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C# need help parsing method in generic class

Posted on 2009-03-29
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Last Modified: 2013-12-17
I am studying C# 3.0 syntax using O'Reilly's Pocket Reference on my own.  In the attached code, I am trying to call the "indexer" method as in:

public T this[int index] { get { return data[index]; } }

I am unsure how to parse this line.  I also need to know how to call it from Main.  The class code is attached.  Can anyone explain the line simply and let me know how to call it?

The error I am getting is: Using the generic type 'Generics.Stack<T>' requires '1' type arguments
//1.21.1. Generic Types: Here is a generic type Stack<T>, designed to stack instances of type T. 

            //Stack<T> declares a single generic parameter T:
 

            public class Stack<T>

            {

              //In our generic stack example, for instance, we could write an indexer that returns a generic item:
 

              public T this[int index] { get { return data[index]; } }
 

              int position;

              T[] data = new T[100];

              public void Push (T  obj) { data[position++] = obj;  }

              public T Pop()            { return data[--position]; }

            }

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Question by:RGRodgers
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Expert Comment

by:apresto
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What line in your code gives you this error when you build?
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Author Comment

by:RGRodgers
Comment Utility
The line throwing the error is currently:
Console.WriteLine("Indexer = " + Stack.T());
I say currently because I have tried enough permutations to know that I don't know.
Thanks...Rick  
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by:apresto
Comment Utility
Is this the example the book gave you? It looks as though you are missing the an index. Could you post your code for the declaration of your Stack instance, You are calling Stack as if it is declared as a static instance, but it is not
A useful article:
http://msdn.microsoft.com/en-us/library/3278tedw.aspx
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by:RGRodgers
Comment Utility
The book only gave me the class definition for this particular method.  I am trying to format the call myself.  So, if I am missing an index, that doesn't surprise me.  I'll attach the whole program.  I was trying to simplify it by not doing so but obviously complicated it instead.  Thanks for all your help...Rick
 

using System;

using System.Collections.Generic;

using System.Linq;

using System.Text;
 

namespace Generics

{
 

            //1.21.3. Generic Methods

            //A generic method declares generic parameters within the signature of a method.
 

            public class Swapper

            {

                public static void Swap<T>(ref T a, ref T b)

                {

                    T temp = a; a = b; b = temp;
 

                }

            }
 

            //1.21.1. Generic Types: Here is a generic type Stack<T>, designed to stack instances of type T. 

            //Stack<T> declares a single generic parameter T:
 

            public class Stack<T>

            {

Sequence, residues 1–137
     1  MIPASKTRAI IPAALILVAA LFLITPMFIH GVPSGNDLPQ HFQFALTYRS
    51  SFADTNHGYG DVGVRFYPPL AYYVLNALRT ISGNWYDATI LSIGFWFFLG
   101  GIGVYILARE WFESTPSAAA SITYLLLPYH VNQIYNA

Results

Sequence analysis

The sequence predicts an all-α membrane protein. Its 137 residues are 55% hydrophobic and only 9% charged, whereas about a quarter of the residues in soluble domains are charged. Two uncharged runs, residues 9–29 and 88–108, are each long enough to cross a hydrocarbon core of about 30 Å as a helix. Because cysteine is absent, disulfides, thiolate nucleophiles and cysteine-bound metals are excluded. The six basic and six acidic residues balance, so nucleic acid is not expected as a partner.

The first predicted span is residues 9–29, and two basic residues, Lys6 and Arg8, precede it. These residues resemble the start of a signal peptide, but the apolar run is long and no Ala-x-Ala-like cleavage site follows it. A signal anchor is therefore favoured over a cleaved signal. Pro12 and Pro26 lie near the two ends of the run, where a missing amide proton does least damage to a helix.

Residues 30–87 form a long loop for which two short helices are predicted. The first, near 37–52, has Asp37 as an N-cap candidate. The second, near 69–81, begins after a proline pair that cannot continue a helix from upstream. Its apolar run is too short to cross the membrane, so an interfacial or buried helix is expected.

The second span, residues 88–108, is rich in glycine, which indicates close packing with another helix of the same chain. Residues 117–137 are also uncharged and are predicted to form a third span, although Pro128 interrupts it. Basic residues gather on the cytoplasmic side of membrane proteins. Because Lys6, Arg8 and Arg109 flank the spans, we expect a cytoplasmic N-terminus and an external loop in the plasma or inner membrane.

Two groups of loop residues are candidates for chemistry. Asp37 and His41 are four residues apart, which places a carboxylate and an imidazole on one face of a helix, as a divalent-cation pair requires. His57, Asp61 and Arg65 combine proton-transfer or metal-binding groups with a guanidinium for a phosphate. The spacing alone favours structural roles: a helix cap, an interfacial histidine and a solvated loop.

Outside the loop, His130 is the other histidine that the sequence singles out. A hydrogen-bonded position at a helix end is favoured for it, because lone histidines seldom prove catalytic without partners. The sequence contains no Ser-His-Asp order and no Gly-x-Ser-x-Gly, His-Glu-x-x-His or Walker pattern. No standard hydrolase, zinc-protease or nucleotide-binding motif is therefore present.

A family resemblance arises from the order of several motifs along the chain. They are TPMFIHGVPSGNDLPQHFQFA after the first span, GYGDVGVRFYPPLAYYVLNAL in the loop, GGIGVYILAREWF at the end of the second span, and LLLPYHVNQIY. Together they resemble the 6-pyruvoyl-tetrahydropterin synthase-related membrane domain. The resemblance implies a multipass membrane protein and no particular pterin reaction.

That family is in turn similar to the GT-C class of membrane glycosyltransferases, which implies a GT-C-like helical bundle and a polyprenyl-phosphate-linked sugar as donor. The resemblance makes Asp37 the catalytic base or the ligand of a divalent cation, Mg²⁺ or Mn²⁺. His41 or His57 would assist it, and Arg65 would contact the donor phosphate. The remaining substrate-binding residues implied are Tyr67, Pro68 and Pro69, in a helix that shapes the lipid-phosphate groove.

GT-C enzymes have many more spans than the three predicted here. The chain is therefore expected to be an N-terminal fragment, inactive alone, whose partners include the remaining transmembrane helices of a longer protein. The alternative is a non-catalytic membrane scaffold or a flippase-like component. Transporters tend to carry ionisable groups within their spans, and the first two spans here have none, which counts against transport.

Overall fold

//In our generic stack example, for instance, we could write an indexer that returns a generic item:
 

              public T this[int index] { get { return data[index]; } }
 

              int position;

              T[] data = new T[100];

              public void Push (T  obj) { data[position++] = obj;  }

              public T Pop()            { return data[--position]; }

            }
 

    class Program

    {

        static void Main(string[] args)

        {
 

            //We can use Stack<T> as follows:
 

            Stack<int> stack = new Stack<int>();

            stack.Push(5);

            stack.Push(10);

            int x = stack.Pop();       // x is 10

            int y = stack.Pop();       // y is 5

            Console.WriteLine("x = " + x + ";y = " + y + ";");
 
 

            //Swap<T> can be used as follows:
 

            int a = 5, b = 10;

            Console.WriteLine("a = " + a + ";b = " + b + ";");

            Swapper.Swap (ref a, ref b);

            Console.WriteLine("a = " + a + ";b = " + b + ";");
 

            //Access generic indexer

            Console.WriteLine("Indexer = " + Stack.T());

        }

    }

}

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Accepted Solution

by:
philipjonathan earned 500 total points
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Indexer means that you can access the internal data of an object as if that object is an array. Normally the said object itself contains an array of some sort, like in your example:

public T this[int index] { get { return data[index]; } }

This means that "index" is the position in the array that you want to access.

To use:
Console.WriteLine("Indexer = " + stack[0]);
// This will return you the first element in the stack (C# is 0-based)
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Author Comment

by:RGRodgers
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That makes just too much sense.  I think I got so far into trying to figure it out that I missed it.  Thanks for you help.  
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Author Closing Comment

by:RGRodgers
Comment Utility
Thanks for the rapid and excellent responses.
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